Renoir Landscapes at the National Gallery

Finally I manage to write a bit about this exhibition.

Renoir is not a favourite artist of mine, though I appreciate his work his good - his women are very simpering, shallow and sugary and having done some research for an art history assignment at uni, I found he had a very unpleasant attitude towards women, thinking women artists were an abomination and women should be in the kitchen or bedroom! He 'painted with his *****', he said. Some of his works, like the Bar at the Folies Bergere I do like, very much.

Anway, to the landscapes. I really hadn't seen many of his landscapes before so was interested to see them. It was noticeable straight away that, unlike Monet, he didn't look hard at the greens that were there, but used bluey-greens and generalised, choosing his own colour scheme, though in the example shown here the greens aren't so blue - probably because the water is very blue and it simply wouldn't have worked in this case.

The early landscapes were frankly not very good! but as time went by they got better and better - one large, and very free, late landscape really appealed to me and could have been done today. In it he looked at the pattern of a lane winding up a hill from an almost aerial viewpoint, the pattern of the lane and the trees being important in the composition. Unfortunately there is no trace of it online.

At various times he worked alongside Monet and Cezanne and their influence is clear in those works. The exhibition hung paintings of La Grenouillerie by both Monet and Renoir, from the same viewpoint, side by side. The differences in colour choice were huge - Monet had a wide range of greens, Renoir used his bluey-greens for all the foliage. Monet had figures on a jetty silhouetted dramatically against the shining water and an altogether better composition. The Renoir was good - but nowhere near as good as the Monet, which was wonderful.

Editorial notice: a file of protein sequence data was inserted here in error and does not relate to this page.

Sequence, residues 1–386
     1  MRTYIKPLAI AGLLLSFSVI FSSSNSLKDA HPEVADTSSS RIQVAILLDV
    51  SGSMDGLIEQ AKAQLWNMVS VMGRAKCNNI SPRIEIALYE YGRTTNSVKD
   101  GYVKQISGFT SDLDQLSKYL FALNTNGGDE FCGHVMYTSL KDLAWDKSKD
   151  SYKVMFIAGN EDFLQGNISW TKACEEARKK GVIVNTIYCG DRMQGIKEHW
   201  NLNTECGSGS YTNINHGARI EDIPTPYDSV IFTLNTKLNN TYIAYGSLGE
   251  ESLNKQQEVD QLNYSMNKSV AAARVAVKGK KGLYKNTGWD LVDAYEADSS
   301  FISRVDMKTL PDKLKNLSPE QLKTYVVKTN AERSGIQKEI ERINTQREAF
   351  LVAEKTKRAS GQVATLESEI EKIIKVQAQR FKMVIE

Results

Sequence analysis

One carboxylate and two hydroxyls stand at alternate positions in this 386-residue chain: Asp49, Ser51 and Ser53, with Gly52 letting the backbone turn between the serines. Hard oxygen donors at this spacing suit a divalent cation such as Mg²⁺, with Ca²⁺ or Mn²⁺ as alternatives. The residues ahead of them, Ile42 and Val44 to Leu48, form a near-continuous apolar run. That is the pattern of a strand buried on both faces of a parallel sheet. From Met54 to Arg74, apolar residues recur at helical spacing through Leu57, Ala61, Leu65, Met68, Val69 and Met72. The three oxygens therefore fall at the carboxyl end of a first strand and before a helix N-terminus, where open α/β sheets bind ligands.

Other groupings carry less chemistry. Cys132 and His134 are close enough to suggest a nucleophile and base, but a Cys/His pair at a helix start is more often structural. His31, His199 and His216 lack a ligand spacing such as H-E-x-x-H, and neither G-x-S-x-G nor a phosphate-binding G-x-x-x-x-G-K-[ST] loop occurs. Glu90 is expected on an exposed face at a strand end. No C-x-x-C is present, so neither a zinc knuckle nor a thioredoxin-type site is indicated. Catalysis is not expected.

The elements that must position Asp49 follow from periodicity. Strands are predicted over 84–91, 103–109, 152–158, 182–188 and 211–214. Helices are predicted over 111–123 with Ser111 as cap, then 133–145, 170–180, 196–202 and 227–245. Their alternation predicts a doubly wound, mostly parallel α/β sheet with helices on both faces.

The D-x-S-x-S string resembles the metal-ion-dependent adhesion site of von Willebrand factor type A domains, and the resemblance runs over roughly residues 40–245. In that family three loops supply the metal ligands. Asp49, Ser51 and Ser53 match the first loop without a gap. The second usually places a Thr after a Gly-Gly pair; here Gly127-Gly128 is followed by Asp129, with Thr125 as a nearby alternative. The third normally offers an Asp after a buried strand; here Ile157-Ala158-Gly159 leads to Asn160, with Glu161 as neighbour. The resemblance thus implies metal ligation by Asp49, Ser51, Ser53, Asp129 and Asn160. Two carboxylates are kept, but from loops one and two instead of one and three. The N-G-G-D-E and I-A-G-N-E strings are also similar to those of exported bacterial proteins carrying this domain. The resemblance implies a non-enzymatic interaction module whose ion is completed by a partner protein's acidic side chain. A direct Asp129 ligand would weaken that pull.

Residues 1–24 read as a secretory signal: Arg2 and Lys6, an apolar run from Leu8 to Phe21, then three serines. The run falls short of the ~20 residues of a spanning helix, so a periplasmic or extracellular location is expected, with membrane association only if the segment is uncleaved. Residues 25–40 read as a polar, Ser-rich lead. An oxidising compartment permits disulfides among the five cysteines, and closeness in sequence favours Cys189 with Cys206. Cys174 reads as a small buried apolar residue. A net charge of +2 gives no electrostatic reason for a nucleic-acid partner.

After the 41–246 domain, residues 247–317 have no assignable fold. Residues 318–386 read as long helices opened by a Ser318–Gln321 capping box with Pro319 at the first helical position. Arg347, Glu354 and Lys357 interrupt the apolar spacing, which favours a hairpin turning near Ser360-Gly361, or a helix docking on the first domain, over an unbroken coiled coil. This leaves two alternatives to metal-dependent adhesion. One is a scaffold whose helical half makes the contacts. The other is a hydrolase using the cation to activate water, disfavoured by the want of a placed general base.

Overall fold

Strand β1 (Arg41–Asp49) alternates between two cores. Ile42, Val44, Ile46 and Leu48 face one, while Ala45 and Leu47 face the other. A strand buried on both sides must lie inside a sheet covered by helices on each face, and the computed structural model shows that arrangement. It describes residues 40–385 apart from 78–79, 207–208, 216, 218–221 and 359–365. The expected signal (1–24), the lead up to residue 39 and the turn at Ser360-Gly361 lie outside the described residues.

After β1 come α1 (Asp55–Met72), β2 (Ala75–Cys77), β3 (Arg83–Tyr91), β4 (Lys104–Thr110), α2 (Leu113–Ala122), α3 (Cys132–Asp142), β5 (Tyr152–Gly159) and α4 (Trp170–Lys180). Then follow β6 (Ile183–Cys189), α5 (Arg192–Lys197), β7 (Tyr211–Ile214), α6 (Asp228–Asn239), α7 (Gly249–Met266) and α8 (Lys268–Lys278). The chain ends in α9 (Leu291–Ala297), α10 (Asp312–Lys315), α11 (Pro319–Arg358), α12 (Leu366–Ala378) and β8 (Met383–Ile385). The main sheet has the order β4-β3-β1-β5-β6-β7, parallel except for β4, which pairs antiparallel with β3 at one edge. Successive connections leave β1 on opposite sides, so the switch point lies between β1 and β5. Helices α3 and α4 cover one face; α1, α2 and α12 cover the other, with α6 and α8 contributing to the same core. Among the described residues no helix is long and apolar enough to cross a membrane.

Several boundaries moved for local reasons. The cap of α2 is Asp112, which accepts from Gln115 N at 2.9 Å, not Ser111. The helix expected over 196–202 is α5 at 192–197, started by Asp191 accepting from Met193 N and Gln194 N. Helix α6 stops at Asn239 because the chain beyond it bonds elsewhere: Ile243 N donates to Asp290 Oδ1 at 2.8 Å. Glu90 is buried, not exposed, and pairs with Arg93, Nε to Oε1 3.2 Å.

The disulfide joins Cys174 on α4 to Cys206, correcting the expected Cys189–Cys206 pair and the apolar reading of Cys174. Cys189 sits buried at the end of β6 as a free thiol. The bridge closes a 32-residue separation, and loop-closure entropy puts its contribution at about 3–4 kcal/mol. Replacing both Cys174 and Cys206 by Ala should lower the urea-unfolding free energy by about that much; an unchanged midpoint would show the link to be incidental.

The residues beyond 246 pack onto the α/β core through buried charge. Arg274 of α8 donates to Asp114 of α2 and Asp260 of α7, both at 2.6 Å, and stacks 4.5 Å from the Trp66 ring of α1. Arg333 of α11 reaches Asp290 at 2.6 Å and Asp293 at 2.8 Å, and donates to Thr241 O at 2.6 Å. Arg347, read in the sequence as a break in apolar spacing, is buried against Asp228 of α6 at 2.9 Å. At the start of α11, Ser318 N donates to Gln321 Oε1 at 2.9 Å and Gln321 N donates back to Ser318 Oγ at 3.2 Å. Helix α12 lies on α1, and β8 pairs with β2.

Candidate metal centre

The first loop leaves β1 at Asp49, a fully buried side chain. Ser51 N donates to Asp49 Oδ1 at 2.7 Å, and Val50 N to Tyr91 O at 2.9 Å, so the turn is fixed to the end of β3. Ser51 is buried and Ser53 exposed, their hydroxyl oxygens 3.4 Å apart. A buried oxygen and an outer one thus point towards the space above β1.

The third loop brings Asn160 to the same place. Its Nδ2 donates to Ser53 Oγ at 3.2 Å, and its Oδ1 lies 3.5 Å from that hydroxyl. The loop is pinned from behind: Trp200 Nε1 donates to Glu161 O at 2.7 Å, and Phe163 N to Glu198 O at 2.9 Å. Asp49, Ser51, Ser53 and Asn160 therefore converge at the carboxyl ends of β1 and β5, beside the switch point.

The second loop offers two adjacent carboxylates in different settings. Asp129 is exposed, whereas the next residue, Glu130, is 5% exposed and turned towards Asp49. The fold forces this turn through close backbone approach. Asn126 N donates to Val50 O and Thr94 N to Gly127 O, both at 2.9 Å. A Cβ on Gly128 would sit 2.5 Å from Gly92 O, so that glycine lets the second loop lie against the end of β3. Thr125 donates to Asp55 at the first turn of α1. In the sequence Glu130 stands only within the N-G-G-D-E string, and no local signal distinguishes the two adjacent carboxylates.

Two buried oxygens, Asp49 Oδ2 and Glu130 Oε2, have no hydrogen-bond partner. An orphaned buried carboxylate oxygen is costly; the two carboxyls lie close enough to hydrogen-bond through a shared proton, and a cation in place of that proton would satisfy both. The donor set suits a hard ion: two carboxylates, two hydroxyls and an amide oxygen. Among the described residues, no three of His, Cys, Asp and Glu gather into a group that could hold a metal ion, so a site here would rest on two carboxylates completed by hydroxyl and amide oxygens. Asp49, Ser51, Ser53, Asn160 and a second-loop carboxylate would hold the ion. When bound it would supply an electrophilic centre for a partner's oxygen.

Later he worked with Cezanne in the south and the change in his palette and paint handling under the influence of Cezanne is very noticeable.

I was really glad I'd seen it and the chronological hanging, with a really good and informative commentary on the headphones you can hire, added to it enormously. It was possible to see his development from shaky beginnings to some very assured and experimental works.

I'm planning to go down to the Watercolour Exhibition later this month, again at the Mall Galleries and this time I hope to see the Manet to Picasso exhibiton that will still be on.


ysartist said…
Fabulous posts with some great links, thanks for sharing. I enjoyed looking at them. The artists talk sounded great.

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